Chronic postsurgical pain can severely impair patient health and quality of life. This systematic review update evaluated the effectiveness of systemic drugs to prevent chronic postsurgical pain.

The authors included double-blind, placebo-controlled, randomized controlled trials including adults that evaluated perioperative systemic drugs. Studies that evaluated same drug(s) administered similarly were pooled. The primary outcome was the proportion reporting any pain at 3 or more months postsurgery.


The authors identified 70 new studies and 40 from 2013. Most evaluated ketamine, pregabalin, gabapentin, IV lidocaine, nonsteroidal anti-inflammatory drugs, and corticosteroids. Some meta-analyses showed statistically significant—but of unclear clinical relevance—reductions in chronic postsurgical pain prevalence after treatment with pregabalin, IV lidocaine, and nonsteroidal anti-inflammatory drugs. Meta-analyses with more than three studies and more than 500 participants showed no effect of ketamine on prevalence of any pain at 6 months when administered for 24 h or less (risk ratio, 0.62 [95% CI, 0.36 to 1.07]; prevalence, 0 to 88% ketamine; 0 to 94% placebo) or more than 24 h (risk ratio, 0.91 [95% CI, 0.74 to 1.12]; 6 to 71% ketamine; 5 to 78% placebo), no effect of pregabalin on prevalence of any pain at 3 months (risk ratio, 0.88 [95% CI, 0.70 to 1.10]; 4 to 88% pregabalin; 3 to 80% placebo) or 6 months (risk ratio, 0.78 [95% CI, 0.47 to 1.28]; 6 to 68% pregabalin; 4 to 69% placebo) when administered more than 24 h, and an effect of pregabalin on prevalence of moderate/severe pain at 3 months when administered more than 24 h (risk ratio, 0.47 [95% CI, 0.33 to 0.68]; 0 to 20% pregabalin; 4 to 34% placebo). However, the results should be interpreted with caution given small study sizes, variable surgical types, dosages, timing and method of outcome measurements in relation to the acute pain trajectory in question, and preoperative pain status.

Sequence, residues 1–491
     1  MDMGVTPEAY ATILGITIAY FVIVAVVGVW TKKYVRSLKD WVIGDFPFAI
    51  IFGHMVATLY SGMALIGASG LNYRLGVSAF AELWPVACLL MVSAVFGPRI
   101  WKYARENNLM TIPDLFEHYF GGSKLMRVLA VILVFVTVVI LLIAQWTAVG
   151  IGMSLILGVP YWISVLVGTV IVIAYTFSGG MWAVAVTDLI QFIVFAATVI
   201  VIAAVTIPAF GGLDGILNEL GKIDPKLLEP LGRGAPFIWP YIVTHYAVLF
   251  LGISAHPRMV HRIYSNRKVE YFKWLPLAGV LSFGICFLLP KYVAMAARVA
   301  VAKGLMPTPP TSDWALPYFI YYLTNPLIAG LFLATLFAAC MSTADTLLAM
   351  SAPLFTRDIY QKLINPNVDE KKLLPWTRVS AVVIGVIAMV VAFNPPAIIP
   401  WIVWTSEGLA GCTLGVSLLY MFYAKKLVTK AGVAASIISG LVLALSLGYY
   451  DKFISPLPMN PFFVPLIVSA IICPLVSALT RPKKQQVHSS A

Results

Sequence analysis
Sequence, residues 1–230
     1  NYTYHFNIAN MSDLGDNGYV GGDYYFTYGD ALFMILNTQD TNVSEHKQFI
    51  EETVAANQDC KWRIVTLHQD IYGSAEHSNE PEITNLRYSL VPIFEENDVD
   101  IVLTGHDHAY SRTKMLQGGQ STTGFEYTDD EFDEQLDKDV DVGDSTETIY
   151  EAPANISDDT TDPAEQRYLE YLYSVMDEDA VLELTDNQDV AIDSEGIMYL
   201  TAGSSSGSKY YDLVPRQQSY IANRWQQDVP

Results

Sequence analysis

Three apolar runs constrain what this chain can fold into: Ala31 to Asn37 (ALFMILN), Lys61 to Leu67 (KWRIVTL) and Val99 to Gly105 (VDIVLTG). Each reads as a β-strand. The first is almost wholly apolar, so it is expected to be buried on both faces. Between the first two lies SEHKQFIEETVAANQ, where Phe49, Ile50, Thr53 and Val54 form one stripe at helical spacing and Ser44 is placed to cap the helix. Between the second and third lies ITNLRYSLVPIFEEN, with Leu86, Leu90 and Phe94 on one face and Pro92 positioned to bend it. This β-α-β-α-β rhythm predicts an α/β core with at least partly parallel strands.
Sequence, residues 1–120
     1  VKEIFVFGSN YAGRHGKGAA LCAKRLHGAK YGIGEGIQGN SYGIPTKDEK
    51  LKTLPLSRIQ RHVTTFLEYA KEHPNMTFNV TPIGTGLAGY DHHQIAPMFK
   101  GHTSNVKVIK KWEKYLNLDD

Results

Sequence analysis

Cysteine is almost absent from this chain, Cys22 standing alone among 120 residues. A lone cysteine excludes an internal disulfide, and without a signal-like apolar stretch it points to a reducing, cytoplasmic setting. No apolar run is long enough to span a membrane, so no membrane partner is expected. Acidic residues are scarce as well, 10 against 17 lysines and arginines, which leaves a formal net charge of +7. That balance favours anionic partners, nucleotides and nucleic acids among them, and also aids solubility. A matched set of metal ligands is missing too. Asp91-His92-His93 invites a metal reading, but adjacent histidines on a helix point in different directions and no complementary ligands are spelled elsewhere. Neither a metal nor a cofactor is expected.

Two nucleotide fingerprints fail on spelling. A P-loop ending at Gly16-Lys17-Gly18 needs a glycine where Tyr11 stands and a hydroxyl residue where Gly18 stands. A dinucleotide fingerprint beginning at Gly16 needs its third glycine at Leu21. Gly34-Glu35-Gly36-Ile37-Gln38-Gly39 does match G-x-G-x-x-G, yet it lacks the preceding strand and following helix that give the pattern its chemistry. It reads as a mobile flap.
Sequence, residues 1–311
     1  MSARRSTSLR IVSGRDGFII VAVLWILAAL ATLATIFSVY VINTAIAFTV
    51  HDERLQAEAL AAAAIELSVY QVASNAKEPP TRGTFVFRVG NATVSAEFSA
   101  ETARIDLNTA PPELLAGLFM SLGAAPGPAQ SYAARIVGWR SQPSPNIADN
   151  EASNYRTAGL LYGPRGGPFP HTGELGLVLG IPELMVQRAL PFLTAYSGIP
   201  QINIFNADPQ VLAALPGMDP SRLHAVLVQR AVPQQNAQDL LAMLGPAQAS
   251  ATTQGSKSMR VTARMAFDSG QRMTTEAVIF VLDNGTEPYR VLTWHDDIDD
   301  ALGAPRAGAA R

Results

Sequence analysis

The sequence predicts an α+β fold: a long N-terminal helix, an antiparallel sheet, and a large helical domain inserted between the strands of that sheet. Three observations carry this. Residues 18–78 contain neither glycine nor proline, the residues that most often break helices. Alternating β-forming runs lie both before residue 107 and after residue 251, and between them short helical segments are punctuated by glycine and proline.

Despite agreement that chronic postsurgical pain is an important topic, extremely little progress has been made since 2013, likely due to study designs being insufficient to address the complexities of this multifactorial problem.

Editor’s Perspective
What We Already Know about This Topic
  • Chronic postsurgical pain is a common problem that can severely affect a patient’s quality of life
  • Many medications have been examined for their utility in preventing chronic postsurgical pain, but we do not understand which may be effective
What This Article Tells Us That Is New
  • Seventy randomized controlled trials were identified published since a previous meta-analysis involving drugs to prevent chronic postsurgical pain
  • Overall effects of the drugs were small and of uncertain clinical relevance